Through the Bible in a Year: Deuteronomy 23-26

This Week’s Reading Schedule

Tuesday’s (today’s) Bible Reading is Deuteronomy 23-26
Wednesday, Mar. 14: Deuteronomy 27-30
Thursday, Mar. 15: Deuteronomy 31-34
Friday, Mar. 16: Psalm 1-5

The overall year’s plan is here.

Deuteronomy 23 (Mature)

The Law gets down to some details that I am not going to discuss.

Other details in this chapter are quite interesting, including the fact that the Israelites were not to charge interest to each other. Between that practice and the years of Jubilee it ensured that Israel could not have a debt problem.

Deuteronomy 24: Law of Divorce

Deuteronomy 24 begins with Israel’s law of divorce. Jesus has things to say about God’s real feelings about divorce in Matthew 19:3-12.

Deuteronomy 24: Respect

I find a lot of the laws in Deut. 24 have to do with respect. The chapter does mention being careful about leprosy. You don’t want something to begin and then spread, but the rest of the chapter shows the immense respect that the Israelites should have for one another.

Deuteronomy 25: The Judges

It is the judges who get to decree punishments in Israel. When the Law mentions "a tooth for a tooth," that is not a punishment that individuals can dish out. That is dished out by the judges.

Deuteronomy 25:4: Don’t Muzzle the Ox

This law, easy to skip over, is used by Paul to provide insight into how God sees the Law in 1 Cor. 9:8-14.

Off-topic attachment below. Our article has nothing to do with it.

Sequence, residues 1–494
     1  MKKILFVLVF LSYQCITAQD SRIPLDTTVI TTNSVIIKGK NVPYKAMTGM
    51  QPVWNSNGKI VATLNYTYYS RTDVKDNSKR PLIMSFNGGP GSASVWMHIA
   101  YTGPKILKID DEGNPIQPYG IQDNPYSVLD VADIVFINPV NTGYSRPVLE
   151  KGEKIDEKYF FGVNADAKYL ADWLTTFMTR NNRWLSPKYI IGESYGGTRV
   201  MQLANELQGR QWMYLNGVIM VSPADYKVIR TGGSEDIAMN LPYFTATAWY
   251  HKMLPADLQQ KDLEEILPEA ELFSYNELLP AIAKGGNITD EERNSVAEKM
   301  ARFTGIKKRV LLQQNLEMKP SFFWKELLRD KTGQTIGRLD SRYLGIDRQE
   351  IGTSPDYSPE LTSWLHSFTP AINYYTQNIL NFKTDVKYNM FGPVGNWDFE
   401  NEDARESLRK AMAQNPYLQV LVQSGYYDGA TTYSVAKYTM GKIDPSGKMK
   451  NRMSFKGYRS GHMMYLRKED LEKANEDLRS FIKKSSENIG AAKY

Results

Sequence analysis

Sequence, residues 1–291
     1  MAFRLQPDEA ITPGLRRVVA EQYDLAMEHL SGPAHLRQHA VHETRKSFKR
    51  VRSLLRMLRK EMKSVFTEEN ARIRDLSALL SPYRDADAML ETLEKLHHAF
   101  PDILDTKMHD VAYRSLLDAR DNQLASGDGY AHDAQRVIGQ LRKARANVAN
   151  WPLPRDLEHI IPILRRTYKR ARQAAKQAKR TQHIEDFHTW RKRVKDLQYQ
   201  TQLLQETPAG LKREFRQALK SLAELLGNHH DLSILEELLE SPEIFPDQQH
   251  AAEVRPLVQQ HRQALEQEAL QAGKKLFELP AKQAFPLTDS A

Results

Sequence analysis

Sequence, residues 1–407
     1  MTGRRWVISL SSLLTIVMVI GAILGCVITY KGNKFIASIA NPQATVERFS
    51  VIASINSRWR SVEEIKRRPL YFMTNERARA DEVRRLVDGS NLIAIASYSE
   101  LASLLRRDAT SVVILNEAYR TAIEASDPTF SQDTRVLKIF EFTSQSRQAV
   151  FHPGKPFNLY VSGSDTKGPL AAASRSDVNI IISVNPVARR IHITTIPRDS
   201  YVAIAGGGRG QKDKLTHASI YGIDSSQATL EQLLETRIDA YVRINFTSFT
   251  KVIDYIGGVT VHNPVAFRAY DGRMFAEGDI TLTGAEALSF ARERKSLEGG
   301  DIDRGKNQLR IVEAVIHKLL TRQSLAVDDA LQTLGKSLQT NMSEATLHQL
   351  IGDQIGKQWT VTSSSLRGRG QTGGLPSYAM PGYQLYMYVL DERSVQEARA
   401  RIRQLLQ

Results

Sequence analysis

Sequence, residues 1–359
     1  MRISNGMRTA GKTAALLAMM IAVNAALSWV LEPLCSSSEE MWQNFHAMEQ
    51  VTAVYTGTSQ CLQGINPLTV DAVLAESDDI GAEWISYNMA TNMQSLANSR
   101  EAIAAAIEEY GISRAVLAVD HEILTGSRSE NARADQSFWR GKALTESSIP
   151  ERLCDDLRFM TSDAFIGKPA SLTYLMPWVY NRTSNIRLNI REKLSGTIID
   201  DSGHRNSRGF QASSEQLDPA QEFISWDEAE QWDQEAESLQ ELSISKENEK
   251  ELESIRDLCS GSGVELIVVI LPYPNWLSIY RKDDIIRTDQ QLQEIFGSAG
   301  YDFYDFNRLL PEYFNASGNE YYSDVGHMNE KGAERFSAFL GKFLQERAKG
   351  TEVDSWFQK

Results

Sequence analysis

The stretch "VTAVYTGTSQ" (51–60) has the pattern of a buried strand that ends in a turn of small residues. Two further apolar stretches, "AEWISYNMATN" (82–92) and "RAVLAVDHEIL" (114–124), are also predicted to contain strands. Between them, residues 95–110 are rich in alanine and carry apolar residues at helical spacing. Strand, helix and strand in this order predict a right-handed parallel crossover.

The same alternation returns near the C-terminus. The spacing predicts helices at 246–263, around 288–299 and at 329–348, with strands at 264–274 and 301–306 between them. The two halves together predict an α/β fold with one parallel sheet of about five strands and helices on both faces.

Deuteronomy 26: The Tithe

I missed out discussing the tithe in Deuteronomy 14, but as you can see in that chapter and this one, the tithe was not a batch of money used to support the temple. There were other taxes, such as the redemption of the firstborn and sacrifices, that supported the temple and priests.

The tithe was shared with all the needy of the town, usually at the feasts (see Deut. 14).

The community, mutual respect, and unity of Israel was important. The feasts, where the tithes were eaten and shared among the Israelites from each city, was a time of bringing the Israelites together.

This is going to be controversial to say, but tithing is simply not a New Testament principle. You will never find it mentioned in any of the letters to the churches, nor discussed in the early Christian writings.

In fact, history will show that tithing was reinstated in France under Pepin the Short to help support the monks in the 8th century.

About Paul Pavao

I am married, the father of six, and currently the grandfather of two. I run a business, live in a Christian community, teach, and I am learning to disciple others better than I have ever been able to before. I believe God has gifted me to restore proper foundations to the Christian faith. In order to ensure that I do not become a heretic, I read the early church fathers from the second and third centuries. They were around when all the churches founded by the apostles were in unity. I also try to stay honest and open. I argue and discuss these foundational doctrines with others to make sure my teaching really lines up with Scripture. I am encouraged by the fact that the several missionaries and pastors that I know well and admire as holy men love the things I teach. I hope you will be encouraged too. I am indeed tearing up old foundations created by tradition in order to re-establish the foundations found in Scripture and lived on by the churches during their 300 years of unity.
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